EDINBURGH’S Property Market has become ‘evergreen’ – Guest Post
Friday, April 28th, 2017
on behalf of Warners Solicitors and Estate Agents
By David Marshall
Despite the commonly held belief that the market goes into hibernation over winter, latest figures show that buyers and sellers are now active throughout the year.
Analysis of selling patterns over recent months has shown evidence of a ‘year-round’ market, even during the typically quieter winter months – as opposed to the expected spikes in peak periods such as spring and early autumn after the school holidays.
Figures collated show that in the past, seasonality played a substantial role in levels of buyer activity. Sales results for 2007 show that 32% of all homes that year were sold between March and May, despite an average expectancy of 25% across any three month period.
However, in 2016 the market appeared to have smoothened out with 25.3% of sales completed across the same three month period, showing signs that the market is steering away from seasonal trends.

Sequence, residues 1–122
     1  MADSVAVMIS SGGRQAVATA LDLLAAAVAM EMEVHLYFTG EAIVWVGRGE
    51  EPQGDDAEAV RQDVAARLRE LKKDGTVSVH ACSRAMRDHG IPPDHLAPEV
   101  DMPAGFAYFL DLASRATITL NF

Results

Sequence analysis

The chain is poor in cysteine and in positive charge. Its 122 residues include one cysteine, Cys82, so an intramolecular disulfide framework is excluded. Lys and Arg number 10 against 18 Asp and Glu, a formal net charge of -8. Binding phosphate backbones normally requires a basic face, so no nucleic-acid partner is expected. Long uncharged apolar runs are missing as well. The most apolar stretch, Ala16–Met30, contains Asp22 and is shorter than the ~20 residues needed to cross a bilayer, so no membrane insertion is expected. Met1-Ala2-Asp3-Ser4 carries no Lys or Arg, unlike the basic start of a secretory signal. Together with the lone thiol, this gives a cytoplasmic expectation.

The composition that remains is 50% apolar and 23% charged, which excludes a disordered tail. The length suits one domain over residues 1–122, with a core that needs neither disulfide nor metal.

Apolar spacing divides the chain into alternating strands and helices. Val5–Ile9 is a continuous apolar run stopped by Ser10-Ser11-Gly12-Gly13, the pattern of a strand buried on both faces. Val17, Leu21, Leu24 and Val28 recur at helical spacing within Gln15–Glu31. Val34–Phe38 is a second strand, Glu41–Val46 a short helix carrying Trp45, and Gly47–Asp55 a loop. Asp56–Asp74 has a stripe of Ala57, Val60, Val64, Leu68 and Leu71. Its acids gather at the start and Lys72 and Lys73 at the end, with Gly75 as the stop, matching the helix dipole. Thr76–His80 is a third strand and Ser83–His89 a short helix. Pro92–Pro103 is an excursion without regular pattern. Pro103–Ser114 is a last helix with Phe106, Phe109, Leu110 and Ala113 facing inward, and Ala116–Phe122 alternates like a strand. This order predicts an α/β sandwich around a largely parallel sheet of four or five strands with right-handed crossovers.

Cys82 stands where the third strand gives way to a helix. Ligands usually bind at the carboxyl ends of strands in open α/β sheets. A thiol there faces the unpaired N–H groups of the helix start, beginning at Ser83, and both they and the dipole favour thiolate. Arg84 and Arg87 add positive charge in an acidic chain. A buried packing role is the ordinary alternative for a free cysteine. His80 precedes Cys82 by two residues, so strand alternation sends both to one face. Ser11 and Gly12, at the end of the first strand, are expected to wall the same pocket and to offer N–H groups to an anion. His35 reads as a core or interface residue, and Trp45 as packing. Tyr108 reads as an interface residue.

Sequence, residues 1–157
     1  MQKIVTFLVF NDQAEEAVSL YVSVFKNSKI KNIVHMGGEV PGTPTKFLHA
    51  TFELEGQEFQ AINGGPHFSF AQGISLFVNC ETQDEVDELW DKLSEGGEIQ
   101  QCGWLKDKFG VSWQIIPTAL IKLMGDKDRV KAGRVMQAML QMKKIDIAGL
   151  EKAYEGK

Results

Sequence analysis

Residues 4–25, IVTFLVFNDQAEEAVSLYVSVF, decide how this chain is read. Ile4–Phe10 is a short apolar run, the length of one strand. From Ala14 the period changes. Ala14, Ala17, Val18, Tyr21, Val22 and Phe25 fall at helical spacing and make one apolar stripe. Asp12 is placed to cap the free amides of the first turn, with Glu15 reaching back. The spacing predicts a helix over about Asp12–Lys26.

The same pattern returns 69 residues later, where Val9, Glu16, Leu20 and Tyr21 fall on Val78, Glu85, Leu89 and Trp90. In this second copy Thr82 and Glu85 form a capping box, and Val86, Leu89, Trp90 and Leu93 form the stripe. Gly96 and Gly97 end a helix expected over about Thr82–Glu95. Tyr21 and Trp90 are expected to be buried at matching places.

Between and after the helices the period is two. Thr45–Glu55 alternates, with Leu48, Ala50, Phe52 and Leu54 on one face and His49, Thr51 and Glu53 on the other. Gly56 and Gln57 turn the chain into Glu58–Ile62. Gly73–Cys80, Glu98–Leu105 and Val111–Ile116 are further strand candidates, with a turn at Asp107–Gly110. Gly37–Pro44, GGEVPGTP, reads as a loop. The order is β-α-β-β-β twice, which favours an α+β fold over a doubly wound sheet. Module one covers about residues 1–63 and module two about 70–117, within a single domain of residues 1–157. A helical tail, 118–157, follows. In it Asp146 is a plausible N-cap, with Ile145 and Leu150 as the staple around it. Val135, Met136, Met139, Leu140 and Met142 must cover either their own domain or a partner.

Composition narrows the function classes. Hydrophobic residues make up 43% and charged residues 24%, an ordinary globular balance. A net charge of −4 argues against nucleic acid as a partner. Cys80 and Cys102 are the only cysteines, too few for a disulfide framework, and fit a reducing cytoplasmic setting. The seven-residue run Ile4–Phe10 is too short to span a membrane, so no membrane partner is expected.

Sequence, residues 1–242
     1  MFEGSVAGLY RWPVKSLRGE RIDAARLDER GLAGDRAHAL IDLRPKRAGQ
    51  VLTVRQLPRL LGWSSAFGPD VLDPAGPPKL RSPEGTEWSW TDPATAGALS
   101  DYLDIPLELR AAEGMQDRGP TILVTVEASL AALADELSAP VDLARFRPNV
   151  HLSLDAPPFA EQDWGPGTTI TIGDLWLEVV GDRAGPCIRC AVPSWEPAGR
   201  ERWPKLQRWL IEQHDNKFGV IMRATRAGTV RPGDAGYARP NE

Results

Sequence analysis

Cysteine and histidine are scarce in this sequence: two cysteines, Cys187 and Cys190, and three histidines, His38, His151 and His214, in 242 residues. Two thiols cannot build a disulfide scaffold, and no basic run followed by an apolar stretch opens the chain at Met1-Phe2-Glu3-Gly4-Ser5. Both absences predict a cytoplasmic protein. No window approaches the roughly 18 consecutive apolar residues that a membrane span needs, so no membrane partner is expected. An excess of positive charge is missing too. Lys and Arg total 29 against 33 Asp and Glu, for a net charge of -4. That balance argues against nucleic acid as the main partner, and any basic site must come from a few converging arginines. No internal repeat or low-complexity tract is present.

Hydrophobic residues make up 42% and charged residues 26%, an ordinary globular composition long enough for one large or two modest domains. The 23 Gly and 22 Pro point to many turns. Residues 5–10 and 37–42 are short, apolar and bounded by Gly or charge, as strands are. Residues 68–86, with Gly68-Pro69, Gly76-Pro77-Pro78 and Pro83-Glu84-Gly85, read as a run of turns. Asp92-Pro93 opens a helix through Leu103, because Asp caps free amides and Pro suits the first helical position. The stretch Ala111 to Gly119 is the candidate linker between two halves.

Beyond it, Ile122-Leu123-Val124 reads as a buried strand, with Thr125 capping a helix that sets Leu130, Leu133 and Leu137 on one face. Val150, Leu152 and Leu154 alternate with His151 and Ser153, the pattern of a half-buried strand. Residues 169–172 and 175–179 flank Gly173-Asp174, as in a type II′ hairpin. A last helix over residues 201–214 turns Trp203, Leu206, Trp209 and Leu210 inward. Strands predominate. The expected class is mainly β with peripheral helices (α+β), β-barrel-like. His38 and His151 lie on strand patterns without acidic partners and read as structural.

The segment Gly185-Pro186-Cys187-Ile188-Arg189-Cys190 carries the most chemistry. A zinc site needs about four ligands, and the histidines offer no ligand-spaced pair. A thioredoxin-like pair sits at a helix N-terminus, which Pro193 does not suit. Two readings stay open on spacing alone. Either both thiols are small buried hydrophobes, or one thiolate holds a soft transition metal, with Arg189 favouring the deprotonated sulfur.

A number of factors have led to the market becoming less seasonal and therefore impacted the increase of sales during the winter months.
The fact that these days sellers can be easily contacted by phone and email, even when away on holiday, has certainly made people more willing to put their home on the market regardless of the time of year.
Agents with a good local presence can still take care of everything for sellers while they’re away on holiday, including arranging viewings, providing feedback for potential buyers, chasing up leads and negotiating offers.
The reasons sellers put their properties on the market has also differed over the years further impacting on confounding seasonal trends.
Following the downturn in the market in 2008 people typically only chose to sell out of necessity, usually because of a change in their employment or family status, or due to financial concerns.
Even as market conditions have improved, we have continued to see more of a year round market which reached a peak in 2016.
Part of this is because the idea that spring was a ‘better’ time to sell is now becoming apparent as a somewhat flawed concept.
While it was fair to say that more homes were sold during the spring months, there were also more homes coming onto the market in these periods.
It is the balance between supply and demand that matters most in dictating trends, rather than the notion that a particular month is a good time to sell.
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